Grundy County Schools, along with seven other area school systems, have filed a lawsuit in the Davidson County Chancery Court alleging the state has ‘breached its duty under the Tennessee Constitution to provide a system of free education for the children of the state.”
Named as defendants in the suit are Gov. Bill Haslam, Senate Speaker Ron Ramsey, House Speaker Beth Harwell, and several Tennessee Board of Education officials.
In question? Whether or not the state has complied with Tennessee’s Basic Education Program (BEP) in providing funding for school systems. The suit states that Tennessee’s Board of Education has “instead created a system that impermissibly shifts the cost of education to local boards of education, schools, teachers, and students, resulting in substantially unequal education opportunities across the state.”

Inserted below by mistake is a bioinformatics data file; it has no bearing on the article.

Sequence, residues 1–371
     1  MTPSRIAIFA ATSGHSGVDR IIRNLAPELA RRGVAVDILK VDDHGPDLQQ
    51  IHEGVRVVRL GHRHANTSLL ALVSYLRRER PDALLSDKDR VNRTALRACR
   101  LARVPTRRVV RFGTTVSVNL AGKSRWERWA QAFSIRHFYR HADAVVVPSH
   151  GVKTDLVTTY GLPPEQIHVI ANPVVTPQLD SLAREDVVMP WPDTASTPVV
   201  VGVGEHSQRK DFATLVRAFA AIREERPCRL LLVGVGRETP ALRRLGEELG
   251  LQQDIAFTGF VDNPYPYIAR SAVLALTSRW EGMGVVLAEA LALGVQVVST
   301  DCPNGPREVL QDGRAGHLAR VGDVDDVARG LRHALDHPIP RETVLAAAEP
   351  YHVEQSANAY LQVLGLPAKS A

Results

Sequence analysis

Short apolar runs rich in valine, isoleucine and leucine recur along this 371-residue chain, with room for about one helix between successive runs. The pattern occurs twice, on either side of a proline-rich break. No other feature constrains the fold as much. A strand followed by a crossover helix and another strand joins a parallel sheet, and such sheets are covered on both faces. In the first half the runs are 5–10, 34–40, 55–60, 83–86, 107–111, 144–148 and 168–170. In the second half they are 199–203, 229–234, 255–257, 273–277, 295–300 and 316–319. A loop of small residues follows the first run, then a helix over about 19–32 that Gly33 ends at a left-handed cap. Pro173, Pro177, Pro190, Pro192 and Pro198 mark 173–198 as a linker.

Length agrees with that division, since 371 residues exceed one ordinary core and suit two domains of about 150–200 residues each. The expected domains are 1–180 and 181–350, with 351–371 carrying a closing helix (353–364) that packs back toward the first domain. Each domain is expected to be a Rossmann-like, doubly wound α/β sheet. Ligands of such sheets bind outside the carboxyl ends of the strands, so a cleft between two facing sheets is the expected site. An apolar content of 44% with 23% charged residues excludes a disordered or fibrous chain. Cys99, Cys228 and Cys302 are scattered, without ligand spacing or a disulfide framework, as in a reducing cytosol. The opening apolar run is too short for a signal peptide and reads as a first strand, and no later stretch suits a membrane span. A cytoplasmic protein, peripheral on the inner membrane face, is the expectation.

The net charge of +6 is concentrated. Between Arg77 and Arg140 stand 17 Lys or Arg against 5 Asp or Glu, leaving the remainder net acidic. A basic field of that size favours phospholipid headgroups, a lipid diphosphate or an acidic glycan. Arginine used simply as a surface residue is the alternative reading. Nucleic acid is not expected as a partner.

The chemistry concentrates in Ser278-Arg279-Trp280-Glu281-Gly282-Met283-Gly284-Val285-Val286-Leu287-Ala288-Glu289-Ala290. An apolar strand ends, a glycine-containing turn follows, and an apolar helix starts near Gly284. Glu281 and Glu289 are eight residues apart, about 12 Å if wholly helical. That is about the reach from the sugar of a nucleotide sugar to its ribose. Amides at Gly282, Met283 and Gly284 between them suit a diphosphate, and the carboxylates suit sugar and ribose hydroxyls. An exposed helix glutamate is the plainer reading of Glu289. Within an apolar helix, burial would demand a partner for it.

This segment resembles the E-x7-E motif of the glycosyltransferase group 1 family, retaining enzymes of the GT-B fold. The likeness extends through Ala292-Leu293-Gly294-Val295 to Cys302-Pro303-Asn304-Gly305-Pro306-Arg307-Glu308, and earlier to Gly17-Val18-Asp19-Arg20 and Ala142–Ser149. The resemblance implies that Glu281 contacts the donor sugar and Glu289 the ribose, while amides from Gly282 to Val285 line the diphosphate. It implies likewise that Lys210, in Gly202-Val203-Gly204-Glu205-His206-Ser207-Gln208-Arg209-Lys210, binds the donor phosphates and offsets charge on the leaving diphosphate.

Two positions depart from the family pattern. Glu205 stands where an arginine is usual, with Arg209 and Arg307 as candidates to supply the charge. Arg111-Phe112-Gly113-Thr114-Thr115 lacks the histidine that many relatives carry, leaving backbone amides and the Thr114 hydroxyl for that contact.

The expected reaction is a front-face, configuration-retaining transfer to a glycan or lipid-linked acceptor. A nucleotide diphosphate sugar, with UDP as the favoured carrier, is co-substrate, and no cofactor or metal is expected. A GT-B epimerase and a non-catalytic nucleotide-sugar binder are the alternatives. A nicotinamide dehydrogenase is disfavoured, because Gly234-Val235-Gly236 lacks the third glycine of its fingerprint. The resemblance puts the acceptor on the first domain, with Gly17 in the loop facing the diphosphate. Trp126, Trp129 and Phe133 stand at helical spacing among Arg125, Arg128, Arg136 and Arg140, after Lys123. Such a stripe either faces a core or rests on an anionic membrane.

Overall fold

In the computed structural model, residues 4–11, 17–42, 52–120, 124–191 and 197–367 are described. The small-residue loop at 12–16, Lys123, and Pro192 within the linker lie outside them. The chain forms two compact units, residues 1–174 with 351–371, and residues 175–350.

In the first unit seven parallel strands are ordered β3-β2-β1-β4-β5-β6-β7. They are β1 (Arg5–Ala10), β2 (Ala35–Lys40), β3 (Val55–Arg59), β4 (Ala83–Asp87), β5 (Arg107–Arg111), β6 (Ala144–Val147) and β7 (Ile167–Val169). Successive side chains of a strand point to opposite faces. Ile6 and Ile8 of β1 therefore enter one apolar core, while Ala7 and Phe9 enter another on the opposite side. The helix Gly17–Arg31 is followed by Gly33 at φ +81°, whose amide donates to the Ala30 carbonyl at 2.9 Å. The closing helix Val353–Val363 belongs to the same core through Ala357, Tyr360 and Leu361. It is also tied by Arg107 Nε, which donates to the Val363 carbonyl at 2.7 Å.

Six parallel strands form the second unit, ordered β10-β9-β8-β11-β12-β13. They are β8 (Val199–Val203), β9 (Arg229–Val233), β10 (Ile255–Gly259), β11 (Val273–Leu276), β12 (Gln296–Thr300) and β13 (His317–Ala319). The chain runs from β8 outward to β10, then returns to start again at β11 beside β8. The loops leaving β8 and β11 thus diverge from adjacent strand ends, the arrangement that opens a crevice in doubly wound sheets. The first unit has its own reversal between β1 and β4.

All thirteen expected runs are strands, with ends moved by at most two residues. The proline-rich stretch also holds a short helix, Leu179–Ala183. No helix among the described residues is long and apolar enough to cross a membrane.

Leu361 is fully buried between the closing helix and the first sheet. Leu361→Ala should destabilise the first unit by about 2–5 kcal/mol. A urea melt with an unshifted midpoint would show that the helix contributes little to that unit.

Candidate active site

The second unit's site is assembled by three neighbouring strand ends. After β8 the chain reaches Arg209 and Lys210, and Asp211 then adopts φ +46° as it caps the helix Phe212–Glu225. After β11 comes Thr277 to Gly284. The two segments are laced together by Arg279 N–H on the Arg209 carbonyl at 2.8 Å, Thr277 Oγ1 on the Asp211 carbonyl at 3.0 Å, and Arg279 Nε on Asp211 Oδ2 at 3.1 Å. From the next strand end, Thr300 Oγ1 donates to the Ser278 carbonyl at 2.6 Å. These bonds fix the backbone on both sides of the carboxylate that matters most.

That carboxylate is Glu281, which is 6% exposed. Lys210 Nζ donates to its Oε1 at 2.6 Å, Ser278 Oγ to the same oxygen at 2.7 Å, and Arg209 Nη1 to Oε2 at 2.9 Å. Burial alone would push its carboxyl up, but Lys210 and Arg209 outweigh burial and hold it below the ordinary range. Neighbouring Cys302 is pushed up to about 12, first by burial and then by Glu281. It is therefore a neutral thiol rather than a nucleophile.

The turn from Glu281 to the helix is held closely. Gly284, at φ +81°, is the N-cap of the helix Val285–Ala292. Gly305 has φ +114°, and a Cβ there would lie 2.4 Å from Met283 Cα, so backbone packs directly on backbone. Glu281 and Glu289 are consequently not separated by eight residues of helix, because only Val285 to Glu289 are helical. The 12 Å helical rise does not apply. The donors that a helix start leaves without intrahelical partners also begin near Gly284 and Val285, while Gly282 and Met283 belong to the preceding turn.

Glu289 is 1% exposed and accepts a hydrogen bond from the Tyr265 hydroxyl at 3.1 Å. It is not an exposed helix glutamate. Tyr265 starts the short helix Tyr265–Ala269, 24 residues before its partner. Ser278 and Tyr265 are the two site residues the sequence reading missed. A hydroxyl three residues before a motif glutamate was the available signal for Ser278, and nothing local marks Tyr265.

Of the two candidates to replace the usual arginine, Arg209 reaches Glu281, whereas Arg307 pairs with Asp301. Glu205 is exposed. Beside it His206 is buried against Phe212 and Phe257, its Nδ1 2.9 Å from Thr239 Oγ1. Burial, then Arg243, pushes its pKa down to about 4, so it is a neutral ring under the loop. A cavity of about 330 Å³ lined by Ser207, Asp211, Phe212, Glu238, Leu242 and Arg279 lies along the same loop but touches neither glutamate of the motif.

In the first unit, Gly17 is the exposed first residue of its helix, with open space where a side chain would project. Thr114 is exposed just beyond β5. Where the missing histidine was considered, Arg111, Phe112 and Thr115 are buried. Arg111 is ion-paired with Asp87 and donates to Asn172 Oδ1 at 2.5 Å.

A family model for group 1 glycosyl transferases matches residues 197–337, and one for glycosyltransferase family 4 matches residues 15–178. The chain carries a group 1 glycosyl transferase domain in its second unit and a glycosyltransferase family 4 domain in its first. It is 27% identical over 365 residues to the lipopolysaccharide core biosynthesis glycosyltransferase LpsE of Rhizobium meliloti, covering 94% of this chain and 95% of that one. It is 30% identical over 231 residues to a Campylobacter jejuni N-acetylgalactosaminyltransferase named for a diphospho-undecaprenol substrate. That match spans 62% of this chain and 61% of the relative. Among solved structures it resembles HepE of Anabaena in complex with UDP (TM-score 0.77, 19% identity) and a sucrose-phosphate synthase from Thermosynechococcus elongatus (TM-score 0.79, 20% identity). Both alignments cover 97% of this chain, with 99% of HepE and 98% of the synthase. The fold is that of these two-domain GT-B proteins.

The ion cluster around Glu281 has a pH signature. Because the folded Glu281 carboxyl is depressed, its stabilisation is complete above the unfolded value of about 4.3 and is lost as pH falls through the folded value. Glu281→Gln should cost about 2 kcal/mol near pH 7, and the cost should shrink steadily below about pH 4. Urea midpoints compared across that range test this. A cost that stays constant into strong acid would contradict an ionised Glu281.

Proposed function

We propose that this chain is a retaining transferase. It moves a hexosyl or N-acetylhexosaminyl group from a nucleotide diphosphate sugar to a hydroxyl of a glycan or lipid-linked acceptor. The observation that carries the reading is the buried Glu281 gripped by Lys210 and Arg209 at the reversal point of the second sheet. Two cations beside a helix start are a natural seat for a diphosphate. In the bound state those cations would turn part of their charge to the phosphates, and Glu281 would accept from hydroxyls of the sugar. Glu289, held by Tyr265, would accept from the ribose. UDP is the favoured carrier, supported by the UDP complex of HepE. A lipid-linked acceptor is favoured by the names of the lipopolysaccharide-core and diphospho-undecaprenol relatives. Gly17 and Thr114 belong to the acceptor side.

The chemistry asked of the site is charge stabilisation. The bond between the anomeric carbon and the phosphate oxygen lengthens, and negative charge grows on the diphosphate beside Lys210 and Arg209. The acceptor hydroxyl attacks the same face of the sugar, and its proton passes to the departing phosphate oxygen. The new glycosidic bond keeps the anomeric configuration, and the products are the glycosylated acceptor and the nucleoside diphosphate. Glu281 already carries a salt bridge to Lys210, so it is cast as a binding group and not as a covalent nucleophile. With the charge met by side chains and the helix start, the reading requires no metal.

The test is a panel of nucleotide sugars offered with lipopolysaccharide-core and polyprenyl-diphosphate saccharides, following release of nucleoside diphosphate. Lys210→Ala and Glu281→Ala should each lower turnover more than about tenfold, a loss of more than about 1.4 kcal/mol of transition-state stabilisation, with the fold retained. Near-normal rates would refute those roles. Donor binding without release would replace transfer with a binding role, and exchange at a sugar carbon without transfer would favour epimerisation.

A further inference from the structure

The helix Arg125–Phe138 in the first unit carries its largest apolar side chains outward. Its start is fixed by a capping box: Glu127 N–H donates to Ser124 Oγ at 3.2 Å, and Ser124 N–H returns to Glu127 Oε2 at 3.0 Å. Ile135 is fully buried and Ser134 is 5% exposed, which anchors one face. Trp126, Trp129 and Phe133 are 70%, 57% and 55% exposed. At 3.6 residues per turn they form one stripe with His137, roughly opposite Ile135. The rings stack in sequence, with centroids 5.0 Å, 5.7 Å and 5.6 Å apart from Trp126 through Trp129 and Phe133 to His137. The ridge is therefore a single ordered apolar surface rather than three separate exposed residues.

The schools systems involved in the suit say a huge funding gap exists in Tennessee schools and the General Assembly has not properly taken measures to include the cost of teachers within its funding plan. Specific areas of concern include the cost of teachers’ health insurance and the funding of classrooms. In the state’s failure to provide for the cost of health insurance for teachers, a $64 million funding gap has been created. The estimated gap in classroom costs is $134 million.
Rural and less affluent school systems are discovering the shortfall is hitting their budgets hard; many now lack the money to run their schools.
Haslam’s says he is very disappointed in filing of lawsuit. The governor’s spokesperson, David Smith, said “he (Haslam) made the commitment the day before the suit was filed to a collaborative process to work closely with districts on these issues, and litigation will obviously decrease the potential for collaboration.”
(Grundy, Marion, Coffee, Polk, McMinn, Bradley, and Hamilton counties filed the suit in the Davidson County Chancery Court on Tuesday, March 24, 2015)